The Rock Ethics Institute

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Home > Events

Events

Events

Attend ethics related events on topics including climate change, moral development in youth, race, food, health, religion, and philosophy.
by admin Feb 13, 2018

A lecture hall full of people watching a panel presentation.

EVENTS

The Rock Ethics Institute frequently partners with affiliate faculty and departments as well as external organizations to host ethics-related events. To read more about our Co-Sponsorships and to apply for funding, please visit our Co-Sponsorships page.

Co-Sponsorship- Plastic Entanglement

Co-Sponsorship- Plastic Entanglement

When: from Feb 13, 2018 8:00 AM to Jun 17, 2018 5:00 PM
Where: Palmer Museum of Art

Exhibit: Plastics Entanglements: Ecology, Aesthetics, Materials Curators: Joyce Robinson, Heather Davis, Jennifer Wagner-Lawlor Co-Sponsorship- Plastic Entanglement - Read More…

Trans-feminisms" Graduate in Women's, Gender & Sexuality Studies Annual Conference

When: from Feb 23, 2018 12:00 AM to Feb 24, 2018 12:00 AM

Graduates in Women's, Gender, & Sexuality Annual Conference

When: from Feb 23, 2018 12:00 AM to Feb 24, 2018 12:00 AM

Building Ethical Robots - Public Lecture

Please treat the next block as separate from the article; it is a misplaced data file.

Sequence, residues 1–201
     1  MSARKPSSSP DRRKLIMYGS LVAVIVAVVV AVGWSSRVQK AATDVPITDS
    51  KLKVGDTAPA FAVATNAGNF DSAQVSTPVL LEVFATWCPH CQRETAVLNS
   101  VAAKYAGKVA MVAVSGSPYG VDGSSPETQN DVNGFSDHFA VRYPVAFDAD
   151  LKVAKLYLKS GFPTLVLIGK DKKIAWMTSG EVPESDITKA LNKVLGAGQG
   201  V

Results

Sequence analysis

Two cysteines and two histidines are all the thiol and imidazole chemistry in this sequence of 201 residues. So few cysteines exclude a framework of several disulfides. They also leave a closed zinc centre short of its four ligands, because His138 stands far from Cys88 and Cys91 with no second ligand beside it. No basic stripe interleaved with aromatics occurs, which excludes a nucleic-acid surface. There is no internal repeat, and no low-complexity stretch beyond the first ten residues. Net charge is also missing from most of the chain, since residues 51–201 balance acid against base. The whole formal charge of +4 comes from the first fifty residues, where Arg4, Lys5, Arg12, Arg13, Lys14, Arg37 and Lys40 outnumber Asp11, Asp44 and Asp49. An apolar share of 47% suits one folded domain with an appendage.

When: Mar 15, 2018 at 3:30 PM
Where: Foster Auditorium

Sawyer Seminar Series: Keeanga-Yamahtta Taylor - ‘Unsophisticated Buyers’: Homeownership and the end of the Urban Crisis in the 1970s”

When: Mar 15, 2018 at 6:00 PM
Where: 10 Sparks Building

At the end of the 1960s, the federal government officially ended its long history of excluding African Americans from policies designed to encourage homeownership. In the wake of urban uprising and in response to growing Black income, federal officials partnered with private institutions connected to the real estate industry to promote homeownership in cities across the country. These new policies did not constitute “big government” instead they opened a new era of “partnership” between capital and the state in the provision of low-income housing. The new approach to resolving the longstanding issue of the dearth of safe and sound urban housing raised critical questions about market based solutions in resolving issues rooted in economic and racial inequality. The focus on the resolution of “redlining” and other means of exclusion have posited “inclusion” as the solution, but without attending to the cause of exclusion in the first place—racial discrimination—would “inclusion” alone resolve the imprint of discrimination on the real estate market? This talk engages those and other questions pertaining to whether public-private partnerships are a viable solution to the chronic housing crisis in the United States. Sawyer Seminar Series: Keeanga-Yamahtta Taylor - ‘Unsophisticated Buyers’: Homeownership and the end of the Urban Crisis in the 1970s” - Read More…